By Matt Carpenter
With early voting already underway and election day just 35 days away, Virginians are paying attention to the closing arguments of their two candidates for governor: Democrat Terry McAuliffe and Republican Glenn Youngkin. Just last night, the two candidates met for their second debate to square off one last time before hitting the campaign trail in their final get out the vote efforts. With polling showing a tightening race, this race is considered by many to be the first real test of where the electorate is ahead of the upcoming midterms. With the national parties pouring millions of dollars into the races in the final stages and hoping to claim momentum heading into the 2022 midterms, it's safe to say a lot is on the line come November 2 in the Old Dominion state.
Considering that in recent months Virginia has become a beehive of activity from concerned parents about the presence of racially-charged, discriminatory, and anti-biblical critical race theory in their public K-12 schools, you would think both candidates would want to reflect the concerns of parents who wonder why something so nefarious would be thrust upon their impressionable children. These parents represent a growing unease among parents in the state -- and nation -- that their schools feel emboldened to preach "wokeness" to children.
Despite the widespread concerns of Virginia parents, McAuliffe told Virginia's parents during yesterday's debate that he doesn't think they "should be telling schools what they should teach." In essence, McAuliffe is telling Virginia's parents that their beliefs, intentions, and dreams for their children should take a back seat to the state's liberal education establishment, and their woke stakeholders. Youngkin made the most of McAuliffe's misstep -- or Freudian slip -- and reassured Virginia's parents that he would make sure they have a voice in their child's education. He also pointed out McAuliffe vetoed legislation that would have informed parents regarding sexually explicit material in their schools when he was governor.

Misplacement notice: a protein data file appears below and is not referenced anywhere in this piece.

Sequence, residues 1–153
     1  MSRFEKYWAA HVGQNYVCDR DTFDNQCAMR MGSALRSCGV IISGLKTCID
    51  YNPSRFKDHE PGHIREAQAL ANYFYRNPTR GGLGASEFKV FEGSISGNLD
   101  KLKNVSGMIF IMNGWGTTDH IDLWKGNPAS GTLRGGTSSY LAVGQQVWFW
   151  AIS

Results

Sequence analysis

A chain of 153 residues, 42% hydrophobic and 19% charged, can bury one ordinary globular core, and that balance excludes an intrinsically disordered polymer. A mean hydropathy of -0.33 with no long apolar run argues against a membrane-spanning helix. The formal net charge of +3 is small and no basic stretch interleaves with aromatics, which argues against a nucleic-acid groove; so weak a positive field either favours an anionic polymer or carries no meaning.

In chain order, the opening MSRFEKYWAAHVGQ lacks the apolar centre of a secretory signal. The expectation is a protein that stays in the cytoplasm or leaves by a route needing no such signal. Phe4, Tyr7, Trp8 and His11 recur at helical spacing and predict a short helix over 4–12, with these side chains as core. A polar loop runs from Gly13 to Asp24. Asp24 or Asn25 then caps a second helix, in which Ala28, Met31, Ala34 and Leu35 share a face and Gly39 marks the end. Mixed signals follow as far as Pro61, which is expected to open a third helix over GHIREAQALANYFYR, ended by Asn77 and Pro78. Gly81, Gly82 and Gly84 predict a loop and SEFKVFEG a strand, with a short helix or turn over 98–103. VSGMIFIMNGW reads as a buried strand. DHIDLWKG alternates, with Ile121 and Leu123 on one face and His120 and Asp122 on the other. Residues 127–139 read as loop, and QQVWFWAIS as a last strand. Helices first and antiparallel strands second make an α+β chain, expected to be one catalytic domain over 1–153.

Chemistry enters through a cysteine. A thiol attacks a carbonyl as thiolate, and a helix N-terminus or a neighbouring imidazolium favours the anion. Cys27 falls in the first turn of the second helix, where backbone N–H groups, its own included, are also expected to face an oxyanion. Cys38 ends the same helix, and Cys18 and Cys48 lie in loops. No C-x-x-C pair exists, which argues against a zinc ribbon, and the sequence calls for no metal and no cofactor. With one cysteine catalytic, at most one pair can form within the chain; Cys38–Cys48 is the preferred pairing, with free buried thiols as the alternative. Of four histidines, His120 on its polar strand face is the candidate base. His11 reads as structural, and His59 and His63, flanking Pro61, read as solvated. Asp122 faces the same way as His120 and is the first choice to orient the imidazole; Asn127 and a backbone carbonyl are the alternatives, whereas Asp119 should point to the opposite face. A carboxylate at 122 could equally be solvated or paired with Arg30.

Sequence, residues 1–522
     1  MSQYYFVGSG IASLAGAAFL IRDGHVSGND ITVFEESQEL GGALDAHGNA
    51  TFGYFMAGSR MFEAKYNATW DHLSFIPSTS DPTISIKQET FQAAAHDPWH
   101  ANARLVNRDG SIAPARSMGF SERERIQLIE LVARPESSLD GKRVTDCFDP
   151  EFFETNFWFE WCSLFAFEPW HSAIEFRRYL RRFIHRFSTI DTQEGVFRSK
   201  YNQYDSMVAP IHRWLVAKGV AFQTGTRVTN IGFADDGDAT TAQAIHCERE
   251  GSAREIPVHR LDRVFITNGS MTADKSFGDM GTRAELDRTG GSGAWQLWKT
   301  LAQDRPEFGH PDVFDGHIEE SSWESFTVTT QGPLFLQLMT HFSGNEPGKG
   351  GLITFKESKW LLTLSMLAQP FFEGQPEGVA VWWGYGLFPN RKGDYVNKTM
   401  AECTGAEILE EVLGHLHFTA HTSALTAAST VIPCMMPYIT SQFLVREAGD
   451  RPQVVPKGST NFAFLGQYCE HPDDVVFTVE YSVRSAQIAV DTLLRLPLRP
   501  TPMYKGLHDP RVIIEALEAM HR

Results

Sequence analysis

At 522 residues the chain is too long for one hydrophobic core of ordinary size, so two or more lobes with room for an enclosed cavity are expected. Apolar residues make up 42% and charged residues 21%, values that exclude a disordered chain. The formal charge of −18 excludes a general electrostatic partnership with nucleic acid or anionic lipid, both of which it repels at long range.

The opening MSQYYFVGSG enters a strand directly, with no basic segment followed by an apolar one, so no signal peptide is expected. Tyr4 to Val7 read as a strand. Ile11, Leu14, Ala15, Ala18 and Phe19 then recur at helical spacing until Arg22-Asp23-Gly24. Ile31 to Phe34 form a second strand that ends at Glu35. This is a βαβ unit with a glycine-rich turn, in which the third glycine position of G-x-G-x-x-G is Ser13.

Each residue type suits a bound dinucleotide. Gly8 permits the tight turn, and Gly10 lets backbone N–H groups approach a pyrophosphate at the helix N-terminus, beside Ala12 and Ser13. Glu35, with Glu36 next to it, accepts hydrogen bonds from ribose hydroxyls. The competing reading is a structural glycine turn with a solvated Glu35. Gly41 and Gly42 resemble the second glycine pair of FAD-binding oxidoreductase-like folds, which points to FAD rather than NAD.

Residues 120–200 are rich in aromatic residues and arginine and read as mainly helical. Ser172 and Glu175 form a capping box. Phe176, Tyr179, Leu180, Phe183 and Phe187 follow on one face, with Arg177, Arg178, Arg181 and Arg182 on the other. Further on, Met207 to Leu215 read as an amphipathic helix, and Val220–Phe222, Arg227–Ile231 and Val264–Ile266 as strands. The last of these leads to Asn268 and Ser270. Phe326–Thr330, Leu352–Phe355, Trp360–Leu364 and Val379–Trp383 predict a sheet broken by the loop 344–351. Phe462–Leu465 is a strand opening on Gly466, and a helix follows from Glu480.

The contrast between the two is clear: McAuliffe thinks progressive ideology should be imposed on students, while Youngkin thinks parents should have the right to direct what their children learn. On abortion and vaccine mandates, the candidates offer voters more contrast. On vaccine mandates, McAuliffe wants more of them and doesn't mind shortages of health care workers fired for choosing not to get the vaccine, while Youngkin doesn't want employment shortages in the state, particularly in health care, because voters want the freedom to choose to take the vaccine or not. McAuliffe touted his destructive and dangerous pro-abortion policies as governor, while Youngkin, rightfully, pointed out McAuliffe's policies are extreme and promised a more pro-life approach.
As Virginians make their way to the polls to vote early, or to vote in-person, it's clear this race will put Virginia on one of two paths: one that has no problem canceling parental rights, pushing abortion on-demand through all nine months of pregnancy on the taxpayer dime, and forcing a self-inflicted labor shortage because many workers will choose not to get the COVID vaccine; or, one that values parental rights, tamps down on abortion extremism in Richmond, and respects the private health care decisions of Virginians.
Recently, Cook Political Report adjusted their rating of the race from "Lean Democrat" to "toss-up," and now there are stories about the White House already worrying what a McAuliffe loss would mean for the Biden administration going into the midterms. If you are a Virginia resident make sure you're registered to vote, and click here for a voter guide. Get out and vote, Virginia. It's time to send a message.